Why Brand Differentiation Matters in Professional Services

Ian Stephens

Brand differentiation is a tricky topic in professional services because the marketplace is extremely crowded, and many firms feel that they offer near-identical services to their peers. So how can they differentiate?

In the consumer world, as competing products and services have generally become much better and more similar, the focus of brand marketing has shifted from a focus on a ‘unique selling point’ to something more like a ‘unique selling personality.’

Brand differentiation is now about defining and projecting a differentiated brand narrative – a combination of features and attributes that are woven together into a single, coherent story. Instead of the differentiation being about ‘feature X’ the whole package is differentiated.

This is how professional services should think about brand differentiation as part of their business growth and marketing strategy.

Sticky stuff

I speak to the clients of premium professional service firms all the time, and recently it struck me that most clients really like and value the firms and people they work with. “Super smart people who do a great job for us” is a typical comment.

Whilst this is great for the individual firms, as it means their relationships are ‘sticky,’ what struck me was that only a small fraction of the market is up for grabs in any period as the vast majority is happily ‘stuck’ in excellent circumstances.

So, if Firm A wants to grow, they will have to beat Firms B-Z to the prize of some of the small fraction of the market that is in play this year. That’s why pitching for new work sometimes feels like feeding time at the zoo; everyone develops sharp elbows and puts on their best game-face. In this cauldron of intense competition, just turning up, being competent, isn’t enough; you need to be different and better to win.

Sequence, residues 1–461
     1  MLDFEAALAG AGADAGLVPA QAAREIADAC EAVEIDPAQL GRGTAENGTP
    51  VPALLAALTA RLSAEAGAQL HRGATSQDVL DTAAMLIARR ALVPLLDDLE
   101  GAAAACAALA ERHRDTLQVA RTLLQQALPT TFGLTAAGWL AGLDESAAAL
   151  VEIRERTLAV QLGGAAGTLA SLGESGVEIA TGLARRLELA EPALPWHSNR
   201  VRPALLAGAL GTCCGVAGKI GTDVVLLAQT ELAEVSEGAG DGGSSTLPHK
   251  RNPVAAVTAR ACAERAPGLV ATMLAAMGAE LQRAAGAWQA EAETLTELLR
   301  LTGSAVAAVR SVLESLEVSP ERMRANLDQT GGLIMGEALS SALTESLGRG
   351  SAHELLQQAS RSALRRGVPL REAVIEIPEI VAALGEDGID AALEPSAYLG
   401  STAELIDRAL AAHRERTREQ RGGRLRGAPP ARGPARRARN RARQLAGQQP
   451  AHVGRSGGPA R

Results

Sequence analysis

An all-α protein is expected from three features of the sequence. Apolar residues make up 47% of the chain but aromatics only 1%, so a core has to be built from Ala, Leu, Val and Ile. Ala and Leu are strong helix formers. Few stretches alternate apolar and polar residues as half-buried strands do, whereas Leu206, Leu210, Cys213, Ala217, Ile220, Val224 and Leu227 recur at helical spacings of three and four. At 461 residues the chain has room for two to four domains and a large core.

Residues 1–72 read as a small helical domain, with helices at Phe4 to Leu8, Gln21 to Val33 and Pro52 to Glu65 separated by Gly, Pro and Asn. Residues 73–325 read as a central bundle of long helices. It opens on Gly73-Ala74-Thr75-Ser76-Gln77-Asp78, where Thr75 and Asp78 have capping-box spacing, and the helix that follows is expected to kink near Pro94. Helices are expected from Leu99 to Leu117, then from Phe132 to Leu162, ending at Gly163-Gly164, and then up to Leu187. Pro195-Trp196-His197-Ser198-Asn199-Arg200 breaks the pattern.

But how can you project a differentiated brand if your product or service is just about identical to the competition?

The answer is to think about finding differentiation in your brand narrative, not in the features of your products and services. Branding has evolved this way, but still, in our heads, there’s a tendency to hark back to the days when some things were just ‘better’, and some were ‘worse’.

What’s so special about you?

When marketing and branding became part of our everyday landscape, life was more straightforward. Products and services were different, and those differences could often be identified and even measured.

Volkswagen built a brand on being more reliable when many cars weren’t, Volvo focused on safety when their vehicles were measurably ‘safer’ in crash tests, BMW focused on performance when BMWs were faster than their rivals.

Today, however, in many or most sectors, it’s almost impossible to build a brand on differentiated features (USPs) because everything is the same.